The most compelling stories from our favorite sources.
Analytical chemist Yvette d’Entremont takes down organic, non-GMO lifestyle peddler, Vani Hari, the Food Babe, with science and gems like this: “You’re constantly ‘detoxing’ just by living. Your kidneys and liver take care of cleaning out unnecessary things in the body fairly efficiently on their own. Proof? The toilet paper industry.”
After transgender woman Ashley Diamond went to prison, she was denied access to hormone therapy, faced rape, abuse, and ridicule, and, above all, lost her identity. But her law suit against Georgia Corrections officials, could set a precedent for incarcerated transgendered women everywhere—if she can remain safe long enough to see it through.
April 14 is National Equal Pay Day and Sarah Silverman has something to say about it. Mainly, ask for more.
Melissa Duclos’s essay, published by our favorite new lit mag The Offing, about her experience with Child Protective Services after her son was burned in an accident, is sweet, frustrating, and downright terrifying.
As Amy Monticello writes for Role/Reboot, it’s time we changed our ideas about working parents, mothers in particular. A forthcoming study could help.
Gossip columnist Liz Smith is nothing short of a freewheeling firecracker, as this interview in The Hollywood Reporter by Maer Roshan proves. And thankfully, gossip is still her forte.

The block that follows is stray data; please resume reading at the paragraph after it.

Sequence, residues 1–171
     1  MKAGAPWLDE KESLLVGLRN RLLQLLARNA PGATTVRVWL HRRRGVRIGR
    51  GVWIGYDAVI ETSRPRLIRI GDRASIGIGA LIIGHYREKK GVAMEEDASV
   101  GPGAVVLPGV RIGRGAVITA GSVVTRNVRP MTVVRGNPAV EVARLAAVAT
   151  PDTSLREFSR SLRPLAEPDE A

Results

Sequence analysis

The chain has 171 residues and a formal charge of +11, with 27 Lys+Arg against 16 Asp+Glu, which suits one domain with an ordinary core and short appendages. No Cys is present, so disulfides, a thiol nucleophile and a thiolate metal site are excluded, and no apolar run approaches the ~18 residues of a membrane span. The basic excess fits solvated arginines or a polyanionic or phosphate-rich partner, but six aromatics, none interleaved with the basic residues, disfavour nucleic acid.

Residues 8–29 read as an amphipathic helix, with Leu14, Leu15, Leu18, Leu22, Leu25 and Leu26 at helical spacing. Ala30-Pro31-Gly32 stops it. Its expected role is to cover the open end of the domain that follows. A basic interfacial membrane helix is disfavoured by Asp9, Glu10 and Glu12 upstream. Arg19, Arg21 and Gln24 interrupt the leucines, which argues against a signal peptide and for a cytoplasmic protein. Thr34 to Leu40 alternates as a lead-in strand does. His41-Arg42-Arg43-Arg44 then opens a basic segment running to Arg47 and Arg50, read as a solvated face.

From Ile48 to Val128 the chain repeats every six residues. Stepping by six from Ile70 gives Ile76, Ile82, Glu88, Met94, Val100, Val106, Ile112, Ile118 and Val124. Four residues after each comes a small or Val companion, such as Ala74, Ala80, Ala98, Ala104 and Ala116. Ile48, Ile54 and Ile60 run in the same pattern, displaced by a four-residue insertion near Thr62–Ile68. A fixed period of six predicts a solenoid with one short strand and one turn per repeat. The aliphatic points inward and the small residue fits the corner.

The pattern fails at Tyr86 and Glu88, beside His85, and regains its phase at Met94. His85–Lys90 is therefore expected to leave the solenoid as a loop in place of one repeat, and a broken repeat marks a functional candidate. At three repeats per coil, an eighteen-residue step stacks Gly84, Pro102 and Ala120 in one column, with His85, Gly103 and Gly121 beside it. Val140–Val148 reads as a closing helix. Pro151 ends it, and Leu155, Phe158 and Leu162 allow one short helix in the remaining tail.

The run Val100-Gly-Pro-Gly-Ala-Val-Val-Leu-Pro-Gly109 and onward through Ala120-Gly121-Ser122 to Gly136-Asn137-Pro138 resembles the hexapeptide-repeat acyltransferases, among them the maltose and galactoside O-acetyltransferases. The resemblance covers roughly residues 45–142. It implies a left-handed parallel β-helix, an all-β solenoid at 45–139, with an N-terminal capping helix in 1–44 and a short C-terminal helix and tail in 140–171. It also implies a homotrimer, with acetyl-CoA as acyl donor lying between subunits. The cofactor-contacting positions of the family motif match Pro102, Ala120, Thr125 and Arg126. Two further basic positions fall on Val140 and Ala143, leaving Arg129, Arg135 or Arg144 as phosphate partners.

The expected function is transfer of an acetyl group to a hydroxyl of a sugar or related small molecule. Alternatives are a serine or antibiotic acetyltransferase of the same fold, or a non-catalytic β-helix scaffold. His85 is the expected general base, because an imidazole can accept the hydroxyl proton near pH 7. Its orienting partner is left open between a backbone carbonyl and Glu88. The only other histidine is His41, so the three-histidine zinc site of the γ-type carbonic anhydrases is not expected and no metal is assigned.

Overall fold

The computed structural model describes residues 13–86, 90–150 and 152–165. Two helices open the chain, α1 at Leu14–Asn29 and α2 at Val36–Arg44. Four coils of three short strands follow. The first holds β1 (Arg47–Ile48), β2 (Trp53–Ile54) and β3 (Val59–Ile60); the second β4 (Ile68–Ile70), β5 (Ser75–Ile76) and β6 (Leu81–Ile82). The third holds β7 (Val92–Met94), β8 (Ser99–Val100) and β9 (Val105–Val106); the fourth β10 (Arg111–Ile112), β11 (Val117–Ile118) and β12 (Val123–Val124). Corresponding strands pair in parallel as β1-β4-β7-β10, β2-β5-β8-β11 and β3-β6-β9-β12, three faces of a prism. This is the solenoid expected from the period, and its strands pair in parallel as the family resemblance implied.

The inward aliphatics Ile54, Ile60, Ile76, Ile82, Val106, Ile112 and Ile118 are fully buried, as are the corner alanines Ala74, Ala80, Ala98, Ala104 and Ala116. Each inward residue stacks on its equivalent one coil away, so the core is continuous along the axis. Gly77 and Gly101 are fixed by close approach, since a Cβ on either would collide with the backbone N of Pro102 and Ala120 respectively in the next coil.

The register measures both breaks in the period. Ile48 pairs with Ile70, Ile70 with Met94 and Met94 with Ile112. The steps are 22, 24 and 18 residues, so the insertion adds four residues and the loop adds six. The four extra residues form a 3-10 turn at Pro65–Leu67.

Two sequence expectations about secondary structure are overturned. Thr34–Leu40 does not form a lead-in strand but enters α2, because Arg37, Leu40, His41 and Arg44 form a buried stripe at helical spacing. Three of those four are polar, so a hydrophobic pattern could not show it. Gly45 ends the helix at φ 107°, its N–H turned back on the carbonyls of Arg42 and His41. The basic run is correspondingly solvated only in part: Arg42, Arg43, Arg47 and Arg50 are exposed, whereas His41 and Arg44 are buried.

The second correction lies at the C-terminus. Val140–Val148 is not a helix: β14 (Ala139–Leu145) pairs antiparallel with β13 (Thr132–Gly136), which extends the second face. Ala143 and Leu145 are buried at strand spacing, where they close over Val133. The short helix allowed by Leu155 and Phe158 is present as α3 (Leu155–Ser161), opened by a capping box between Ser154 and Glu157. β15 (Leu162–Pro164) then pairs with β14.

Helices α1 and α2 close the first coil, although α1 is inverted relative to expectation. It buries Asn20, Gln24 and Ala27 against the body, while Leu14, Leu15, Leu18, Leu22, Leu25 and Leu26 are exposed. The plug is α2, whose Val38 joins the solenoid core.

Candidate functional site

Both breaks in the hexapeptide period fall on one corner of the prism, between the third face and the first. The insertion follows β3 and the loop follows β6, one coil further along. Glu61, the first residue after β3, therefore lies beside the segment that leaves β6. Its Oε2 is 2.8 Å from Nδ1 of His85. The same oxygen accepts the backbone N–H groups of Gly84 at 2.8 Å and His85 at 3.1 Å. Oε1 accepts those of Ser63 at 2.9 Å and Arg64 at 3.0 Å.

Choosing to be childfree is a hot topic these days, thanks in part to the new book edited by Meghan Daum. But as Erica Schwiegershausen puts forth in The Cut, are we doing parenthood, and by extension women, a disservice by proliferating the view that it’s an all-encompassing endeavor?
“I’d bought into the notion that my intelligence, talent, self-esteem, and sexuality all hinged on the size of my thighs and my waist measurement,” writes Harriet Brown at Prevention, parroting the notion so many of battle every day. And we can all learn from someone who’s won that war.
At The Root, DAME contrib Kirsten West Savali faces the uncomfortable notion of our complicity in the dehumanizing of Black lives as we watch so many Black men being murdered by police on-camera. Her questioning is painful, her insight powerful.
DAME’s very own executive editor Kera Bolonik chatted with SNL alum Nora Dunn for Salon, kicking off a series of interviews celebrating the sketch show’s 40th anniversary. We couldn’t have been happier that she started with one of the Sweeney sisters, who candidly talked about the good, the bad, and the scandalous.
It’s not just about the stories. Journalism is also about who is telling them.
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